Weekday children’s programs run Monday mornings, Tuesday morning sand afternoons and Thursday mornings. Register on the website. Men’s outdoor group meets from 8:30-11:30 a.m. on the second and fourth Saturdays. Register on the website. The church is at 8005 Pfeiffer Road, Montgomery; 791-3142;

Clough United Methodist Church

The church recently made several changes to its Sunday schedule to help people of all ages have a meaningful worship experience in the morning and still have plenty of time for family, friends and other activities in the afternoon and evening. The 9 a.m. service will become a chapel service, moving from the sanctuary to a more intimate room. Child care for newborns through 3-yearolds will be available. The main service will move from 11-10:15 a.m. Child care will be available for newborns through 18months-old. Noah’s Park for 18-months-old through 3-yearolds, PowerXpress for preschoolers through fourthgraders, and DOG House for fifth- and-sixth-graders will all take place during the 10:15 a.m. service. Youth group for junior and senior high will meet at 11:15 a.m. to 1 p.m. with lunch included. The Sunday morning Adult Bible Study will be 9:15-10 a.m. The church is at 2010 Wolfangel Road, Anderson Township; 231-4301;

Community of the Good Shepherd Catholic Church

The church is at 8815 E. Kemper Road, Montgomery; www.

Community Lighthouse Church of God

Traditional Worship 8:20am & 11:00am Contemporary Worship 9:40am Sunday School (All ages) 9:40 & 11am Nursery Care Provided


Church of the Saviour United Methodist

921-2227 CE-0000574139

Sunday Services are at 10 a.m. and 6 p.m.; Wednesday service at 7 p.m. The church is at 4305 Sycamore Road, Sycamore Township; 984-5044.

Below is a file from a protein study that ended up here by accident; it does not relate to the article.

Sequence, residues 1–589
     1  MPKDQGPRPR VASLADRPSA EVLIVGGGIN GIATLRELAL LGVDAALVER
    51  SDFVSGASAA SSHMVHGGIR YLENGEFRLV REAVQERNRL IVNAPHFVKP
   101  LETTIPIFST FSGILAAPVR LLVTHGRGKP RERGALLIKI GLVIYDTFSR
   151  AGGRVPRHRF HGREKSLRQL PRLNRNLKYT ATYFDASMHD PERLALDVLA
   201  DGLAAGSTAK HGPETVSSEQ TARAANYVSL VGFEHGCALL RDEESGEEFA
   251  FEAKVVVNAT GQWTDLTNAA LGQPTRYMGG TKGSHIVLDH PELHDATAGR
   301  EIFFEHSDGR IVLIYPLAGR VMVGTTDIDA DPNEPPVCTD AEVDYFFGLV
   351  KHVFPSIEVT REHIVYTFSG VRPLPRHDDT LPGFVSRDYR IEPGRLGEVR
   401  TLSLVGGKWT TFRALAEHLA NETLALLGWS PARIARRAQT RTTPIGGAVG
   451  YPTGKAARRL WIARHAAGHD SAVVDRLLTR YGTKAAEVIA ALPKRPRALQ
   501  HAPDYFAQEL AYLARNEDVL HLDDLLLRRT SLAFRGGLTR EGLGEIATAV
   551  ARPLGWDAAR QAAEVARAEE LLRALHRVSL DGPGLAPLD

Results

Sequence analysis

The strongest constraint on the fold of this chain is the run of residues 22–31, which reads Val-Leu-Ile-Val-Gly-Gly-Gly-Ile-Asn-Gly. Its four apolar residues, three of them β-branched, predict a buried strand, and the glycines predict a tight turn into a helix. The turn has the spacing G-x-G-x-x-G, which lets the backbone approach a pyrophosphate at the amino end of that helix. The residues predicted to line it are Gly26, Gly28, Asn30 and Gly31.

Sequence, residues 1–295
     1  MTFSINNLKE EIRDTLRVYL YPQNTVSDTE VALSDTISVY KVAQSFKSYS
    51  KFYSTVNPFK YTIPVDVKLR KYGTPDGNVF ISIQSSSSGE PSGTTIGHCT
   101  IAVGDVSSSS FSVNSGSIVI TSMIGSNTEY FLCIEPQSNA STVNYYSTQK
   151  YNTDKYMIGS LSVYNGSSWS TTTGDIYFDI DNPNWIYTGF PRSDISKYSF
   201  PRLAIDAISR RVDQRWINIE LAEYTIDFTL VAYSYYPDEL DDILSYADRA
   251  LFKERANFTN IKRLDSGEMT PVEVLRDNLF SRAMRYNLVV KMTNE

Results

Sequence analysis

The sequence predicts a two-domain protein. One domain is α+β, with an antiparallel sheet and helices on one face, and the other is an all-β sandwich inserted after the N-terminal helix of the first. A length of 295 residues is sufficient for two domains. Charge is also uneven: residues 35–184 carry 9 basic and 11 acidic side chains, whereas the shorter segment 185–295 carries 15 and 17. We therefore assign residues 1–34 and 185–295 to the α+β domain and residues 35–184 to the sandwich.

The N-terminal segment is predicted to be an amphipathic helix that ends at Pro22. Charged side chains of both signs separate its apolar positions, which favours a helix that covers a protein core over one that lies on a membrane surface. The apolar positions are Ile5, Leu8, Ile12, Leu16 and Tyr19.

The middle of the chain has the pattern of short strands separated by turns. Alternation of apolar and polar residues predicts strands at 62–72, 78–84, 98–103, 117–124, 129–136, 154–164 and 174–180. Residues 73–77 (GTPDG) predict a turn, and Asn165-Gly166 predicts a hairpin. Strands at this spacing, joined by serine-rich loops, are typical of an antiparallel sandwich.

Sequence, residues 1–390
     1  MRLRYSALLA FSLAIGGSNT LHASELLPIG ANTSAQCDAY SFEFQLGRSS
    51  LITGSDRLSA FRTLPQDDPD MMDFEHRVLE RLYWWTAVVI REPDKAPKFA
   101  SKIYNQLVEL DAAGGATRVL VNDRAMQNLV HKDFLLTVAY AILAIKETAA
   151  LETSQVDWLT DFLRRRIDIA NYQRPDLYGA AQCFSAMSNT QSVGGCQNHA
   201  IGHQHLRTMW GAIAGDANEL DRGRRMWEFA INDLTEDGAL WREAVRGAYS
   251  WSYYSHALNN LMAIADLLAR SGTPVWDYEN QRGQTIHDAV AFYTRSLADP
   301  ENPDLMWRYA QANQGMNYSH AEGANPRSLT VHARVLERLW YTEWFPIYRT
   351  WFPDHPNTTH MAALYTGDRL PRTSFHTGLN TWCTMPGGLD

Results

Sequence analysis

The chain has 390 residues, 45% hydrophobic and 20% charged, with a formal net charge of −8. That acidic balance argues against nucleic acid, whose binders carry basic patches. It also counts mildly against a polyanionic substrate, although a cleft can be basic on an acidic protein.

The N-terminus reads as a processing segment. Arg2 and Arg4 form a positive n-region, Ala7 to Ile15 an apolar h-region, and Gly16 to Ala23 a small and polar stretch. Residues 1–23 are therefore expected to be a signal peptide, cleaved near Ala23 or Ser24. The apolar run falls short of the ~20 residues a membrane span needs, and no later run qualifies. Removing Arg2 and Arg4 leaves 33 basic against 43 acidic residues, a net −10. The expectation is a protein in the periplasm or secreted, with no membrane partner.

Trinity Community Church

The church is at 3850 E. Galbraith Road, Deer Park; 7917631.



POLICE REPORTS CINCINNATI DISTRICT 2 Arrests/citations Nikki Noel Meyer, born 1993, assault, Nov. 13. Kristin McLane, born 1967, city income tax, Nov. 15. Richard E. Schnell, born 1949, city income tax, Nov. 16. James T. Kirby, born 1992, burglary, Nov. 18. Levonn Bennie, born 1989, burglary, Nov. 18. Michael Todd Loge, born 1968, disorderly conduct, Nov. 18. David Lee Culberson, born 1947, assault, Nov. 19. Linda Gibson, born 1959, domestic violence, Nov. 20. Lucien Lanier, born 1984, theft $300 to $5000, theft under $300, Nov. 20. Montez Taylor, born 1983, aggravated armed robbery, Nov. 20. Christopher M. Dever, born 1985, drug abuse, possession of drug paraphernalia, theft under $300, Nov. 21. Tim Madaris, born 1980, receiving stolen property, Nov. 22. Christopher L. Meacham, born 1965, burglary, grand theft auto, Nov. 23. Dmont Ingram, born 1989, do-

ABOUT POLICE REPORTS The Community Press publishes the names of all adults charged with offenses. The information is a matter of public record and does not imply guilt or innocence. To contact your local police department: » Cincinnati, Capt. Jeff Butler, District 2 commander, 9794440 » Columbia Township, Hamilton County Sheriff's Office, Sgt. Peter Enderle, 683-3444 » Fairfax, Steve M. Kelly, chief, 271-7250 » Mariemont, Rick Hines, chief, 271-4089 » Terrace Park, Jerry Hayhow, chief, 831-2137 or 825-2280. mestic violence, Nov. 23. Crystal Cooper, born 1967, disorderly conduct, Nov. 24. Donald P. Needham, born 1986, menacing, Nov. 24.